Evidence-Based Policymaking

The term evidence-based policymaking has many different facets. The recent bipartisan Commission on Evidence-based Policymaking defined it as the application of evidence to inform decisions in government. This simple definition, however, raises difficult questions: what types of activities are included in the application of evidence, what counts as evidence, how rigorous should evidence be, who is included in the decision-making process, and what the best methods to inform decision-making are.

The Forum seeks to inform policymakers of potential answers to these questions. Through our work organizing the Cross-Agency Learning Community on Federal Investments in Research and Evaluation as well as our more recent work writing the report Managing for Success: Strengthening the Federal Infrastructure for Evidence-Based Policymaking, the Forum is ideally placed to support policymakers in their efforts to build and ultimately use evidence in the policymaking process.

 

Principles:

The Forum views the following key principles as vital for expanding the use of evidence:

·       Integrate multiple types of evidence into decision-making – data, statistics, performance improvement, evaluation, and social and behavioral sciences often have their own silos in government. There is one infrastructure for statistics and a separate infrastructure for evaluation, for example. Evidence-based policymaking works best when multiple types of evidence are created, collected, and presented to policymakers as a coherent, integrated package.

·       Elevate evaluation – the infrastructure supporting evaluation lags behind the infrastructure for other types of evidence like statistics or data. Policymakers should work to close this gap by elevating the use and status of evaluations in government by creating or increasing the prominence of new positions to lead this work, formalizing practices in laws and statutes, and setting aside more funding for evaluations.

·       Use revenue-neutral approaches to scale the use of evidence – policymakers should either: (1) shift funding from programs that evidence suggests do not work to programs that evidence suggests do work for the same population and issue area or (2) spend the exact same amount of money on the exact same program and use evidence to encourage or require changes to the program that will make it more efficient and effective. These approaches avoid large increases in funding that are infeasible given the current budget and ensure that decreases in funding do not tamper enthusiasm for evidence-based policy in general.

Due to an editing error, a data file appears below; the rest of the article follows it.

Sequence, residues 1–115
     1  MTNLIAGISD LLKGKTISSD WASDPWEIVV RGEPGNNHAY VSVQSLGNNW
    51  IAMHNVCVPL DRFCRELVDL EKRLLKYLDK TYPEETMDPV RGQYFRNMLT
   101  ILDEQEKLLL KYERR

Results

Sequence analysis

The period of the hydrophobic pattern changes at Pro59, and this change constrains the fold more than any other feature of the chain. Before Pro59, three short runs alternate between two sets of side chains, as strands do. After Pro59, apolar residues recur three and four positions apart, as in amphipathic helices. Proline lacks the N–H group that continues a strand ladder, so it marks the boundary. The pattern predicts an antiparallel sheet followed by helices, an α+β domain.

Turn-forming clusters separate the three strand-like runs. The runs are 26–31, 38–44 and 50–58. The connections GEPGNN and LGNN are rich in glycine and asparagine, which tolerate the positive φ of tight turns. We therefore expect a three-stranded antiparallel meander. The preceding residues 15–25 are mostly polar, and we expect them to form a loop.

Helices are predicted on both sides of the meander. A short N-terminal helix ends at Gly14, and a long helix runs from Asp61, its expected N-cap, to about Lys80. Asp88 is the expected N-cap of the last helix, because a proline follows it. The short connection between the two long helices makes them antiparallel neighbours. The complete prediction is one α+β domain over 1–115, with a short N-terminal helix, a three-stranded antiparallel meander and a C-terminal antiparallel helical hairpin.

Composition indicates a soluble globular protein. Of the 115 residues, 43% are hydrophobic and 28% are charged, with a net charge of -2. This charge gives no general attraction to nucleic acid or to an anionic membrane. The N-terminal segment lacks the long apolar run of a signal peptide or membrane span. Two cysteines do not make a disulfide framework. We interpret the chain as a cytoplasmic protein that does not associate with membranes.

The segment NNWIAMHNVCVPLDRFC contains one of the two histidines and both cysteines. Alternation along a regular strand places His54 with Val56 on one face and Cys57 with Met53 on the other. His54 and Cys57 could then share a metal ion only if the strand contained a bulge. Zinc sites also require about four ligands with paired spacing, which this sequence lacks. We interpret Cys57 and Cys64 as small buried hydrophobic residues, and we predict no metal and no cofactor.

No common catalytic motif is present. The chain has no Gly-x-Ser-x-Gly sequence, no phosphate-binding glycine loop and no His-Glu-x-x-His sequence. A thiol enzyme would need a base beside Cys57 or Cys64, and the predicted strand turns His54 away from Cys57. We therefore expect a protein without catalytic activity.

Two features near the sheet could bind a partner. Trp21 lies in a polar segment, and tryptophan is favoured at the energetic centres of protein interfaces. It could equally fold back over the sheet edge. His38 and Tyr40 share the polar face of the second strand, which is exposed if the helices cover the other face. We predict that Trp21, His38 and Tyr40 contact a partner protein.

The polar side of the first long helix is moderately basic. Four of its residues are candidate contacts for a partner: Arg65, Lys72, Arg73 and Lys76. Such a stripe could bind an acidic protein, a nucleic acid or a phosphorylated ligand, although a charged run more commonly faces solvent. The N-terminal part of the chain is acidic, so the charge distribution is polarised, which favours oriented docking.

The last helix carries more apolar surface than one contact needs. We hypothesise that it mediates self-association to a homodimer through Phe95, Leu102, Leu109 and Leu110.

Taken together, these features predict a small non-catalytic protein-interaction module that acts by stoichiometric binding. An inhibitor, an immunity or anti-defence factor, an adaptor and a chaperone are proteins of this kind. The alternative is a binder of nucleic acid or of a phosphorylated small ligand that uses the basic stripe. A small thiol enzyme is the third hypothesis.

·       Advance evidence-based practices – practices are a key part of evidence use as well. In addition to ‘brand-name’ proven programs, policymakers can also promote practices (generic types of interventions, and even particular elements and staff practices) to scale the use of evidence. Policymakers need to look inside the ‘black box’ of programs and find the core practices that truly make that program effective if they really want to scale what works. Focusing on practices can support local innovation, ensure flexibility, and drive improvement. Programs, in contrast, can lead to implementation challenges, a lack of local buy-in, and low sustainability.

·       Focus on the science of youth readiness – too many young people move through adolescence and into adulthood without the abilities, skillsets and mindsets they need to manage life’s opportunities and challenges. The past decade has brought a growing sense of urgency and attention to the issues of readiness and equity. Readiness is the dynamic combination of being prepared for and willing to take advantage of life’s opportunities while managing its challenges. The Forum remains committed to promoting the science of youth readiness across all policy areas. For more information please look here.

 

Our work in evidence-based policymaking now includes:

·       Publications (reports, issue briefs, and blogs) on topics related to evidence-based policymaking

·       Webinars on topics related to evidence-based policymaking

·       Convenings designed to support the use of evidence among policymakers, particularly federal career staff

·       Consultations to discuss and analyze potential ways to further the use of evidence in policymaking.